If you frequent Meta, you've probably seen a few posts addressing the need to improve the "How to Ask" page. Cody Gray's question prompted a wizard approach, while the mods are also discussing a mentorship approach. Each one has several pros and cons, and I'd like to suggest some form of middle ground.
I propose we create a few sample "bad questions". These are questions which have that ability to be good questions, but with several common mistakes in the way (the title's misleading, the code is formatted wrong, it doesn't say what behavior they expect).
When a new user moves to that chat room to learn how to formulate a question, they (the user and mentor) get an available sample question and fix it up together. If the new user still doesn't understand, they move to another sample question.
Addressing wizard and mentorship pros
The main pro to the wizard approach (in my opinion) is that it breaks up the tutorial so a new user isn't faced with a huge wall of text all at once; they only address one component at a time. I believe this approach preserves that pro.
The main pro to the mentorship approach (again, opinion) is that a user gets to ask a wider array of questions. This is certainly still preserved.
Addressing wizard and mentorship cons
The main con to an exclusively wizard approach is its rigidity. If a user doesn't understand the way the wizard explains tags, well.. that's too bad. We could link to more descriptive pages if they need, but at the end of the day there's only so much flexibility pre-selected text can have. Obviously, having a mentor eliminates this con.
Another con to a strictly wizard approach is that there's no way to stop a new user from just clicking "ok" at every step without reading. Obviously, that could still happen with a mentor, but having an actual human on the other side makes it less likely (I'd hope).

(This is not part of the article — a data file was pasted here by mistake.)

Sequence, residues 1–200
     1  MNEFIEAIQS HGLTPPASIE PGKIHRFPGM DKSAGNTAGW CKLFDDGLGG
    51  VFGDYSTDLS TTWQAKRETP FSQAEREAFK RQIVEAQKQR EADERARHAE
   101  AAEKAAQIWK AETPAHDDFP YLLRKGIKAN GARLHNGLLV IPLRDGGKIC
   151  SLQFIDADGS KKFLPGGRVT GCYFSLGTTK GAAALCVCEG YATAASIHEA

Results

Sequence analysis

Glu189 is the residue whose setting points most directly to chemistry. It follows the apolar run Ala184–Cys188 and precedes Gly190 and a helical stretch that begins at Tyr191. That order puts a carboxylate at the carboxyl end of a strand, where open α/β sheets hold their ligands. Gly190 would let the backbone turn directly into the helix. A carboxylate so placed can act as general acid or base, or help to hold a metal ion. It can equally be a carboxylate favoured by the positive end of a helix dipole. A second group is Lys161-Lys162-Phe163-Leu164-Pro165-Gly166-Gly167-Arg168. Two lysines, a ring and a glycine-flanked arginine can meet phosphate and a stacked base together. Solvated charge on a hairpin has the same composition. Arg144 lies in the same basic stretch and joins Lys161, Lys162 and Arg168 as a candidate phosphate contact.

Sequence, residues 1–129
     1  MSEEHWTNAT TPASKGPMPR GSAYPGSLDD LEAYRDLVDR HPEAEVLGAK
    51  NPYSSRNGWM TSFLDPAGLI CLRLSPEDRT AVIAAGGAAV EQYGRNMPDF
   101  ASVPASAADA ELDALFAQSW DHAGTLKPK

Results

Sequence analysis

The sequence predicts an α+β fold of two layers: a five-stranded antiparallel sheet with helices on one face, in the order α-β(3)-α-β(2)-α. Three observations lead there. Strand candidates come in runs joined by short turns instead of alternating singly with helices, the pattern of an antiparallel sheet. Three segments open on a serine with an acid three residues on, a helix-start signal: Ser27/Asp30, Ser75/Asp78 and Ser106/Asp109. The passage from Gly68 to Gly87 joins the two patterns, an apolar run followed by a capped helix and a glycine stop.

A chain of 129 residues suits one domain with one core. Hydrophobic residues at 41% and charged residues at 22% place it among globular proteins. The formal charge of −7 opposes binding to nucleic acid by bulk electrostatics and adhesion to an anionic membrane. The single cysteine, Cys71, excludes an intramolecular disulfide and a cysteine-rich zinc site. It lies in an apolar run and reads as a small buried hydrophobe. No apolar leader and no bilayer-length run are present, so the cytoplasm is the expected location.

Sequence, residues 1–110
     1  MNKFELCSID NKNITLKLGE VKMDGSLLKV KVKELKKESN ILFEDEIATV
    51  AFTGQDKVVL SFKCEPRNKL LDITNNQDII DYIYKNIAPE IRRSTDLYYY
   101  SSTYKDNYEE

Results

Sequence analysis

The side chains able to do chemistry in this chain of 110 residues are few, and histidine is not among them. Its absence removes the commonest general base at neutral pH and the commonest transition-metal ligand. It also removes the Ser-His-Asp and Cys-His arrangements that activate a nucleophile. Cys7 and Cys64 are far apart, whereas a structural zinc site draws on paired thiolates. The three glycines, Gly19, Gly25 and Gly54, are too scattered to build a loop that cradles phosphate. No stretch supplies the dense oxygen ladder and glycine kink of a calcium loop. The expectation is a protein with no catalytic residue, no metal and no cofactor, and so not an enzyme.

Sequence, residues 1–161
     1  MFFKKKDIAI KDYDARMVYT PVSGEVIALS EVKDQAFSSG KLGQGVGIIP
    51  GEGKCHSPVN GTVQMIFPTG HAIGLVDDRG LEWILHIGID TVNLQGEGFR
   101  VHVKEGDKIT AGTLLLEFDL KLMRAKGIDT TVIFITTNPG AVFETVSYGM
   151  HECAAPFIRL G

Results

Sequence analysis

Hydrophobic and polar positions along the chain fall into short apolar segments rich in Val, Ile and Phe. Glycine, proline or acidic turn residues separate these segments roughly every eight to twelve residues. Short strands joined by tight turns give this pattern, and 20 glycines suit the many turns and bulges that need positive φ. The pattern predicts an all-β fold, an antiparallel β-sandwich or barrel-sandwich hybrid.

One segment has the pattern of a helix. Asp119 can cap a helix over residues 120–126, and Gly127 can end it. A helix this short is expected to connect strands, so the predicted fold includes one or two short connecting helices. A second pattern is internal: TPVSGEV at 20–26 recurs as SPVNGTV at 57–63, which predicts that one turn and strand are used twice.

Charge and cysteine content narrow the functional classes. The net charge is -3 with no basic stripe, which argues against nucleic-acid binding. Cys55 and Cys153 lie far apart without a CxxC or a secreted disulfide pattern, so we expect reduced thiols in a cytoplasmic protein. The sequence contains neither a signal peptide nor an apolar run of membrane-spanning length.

The main cons to an exclusively mentorship approach are that there's simply too much variability in what a user can say, and that it's likely they'll just ask the mentor to answer their main question. By providing stock "templates", it dramatically reduces the scope of questions a user might have, and also reduces the chance a new user might think this is the appropriate time to ask their original question.
Ideally, these sample questions would be locked except for mentors (or some other existing feature. The idea is to not need to dramatically overhaul any functionality, but I'm too much of a newbie to know the best approach for that), so noone could downvote/close/comment on them (unless there should be some bad comments too as part of the tutorial).
If mentorship in general gets shot down, I think this still is not a bad way to address a more wizard-based approach. Hopefully some flexibility could be kept with an option like, "I still don't understand. Show me another question." Or perhaps, "I still don't understand how to make a good title." would link to a title-specific sample.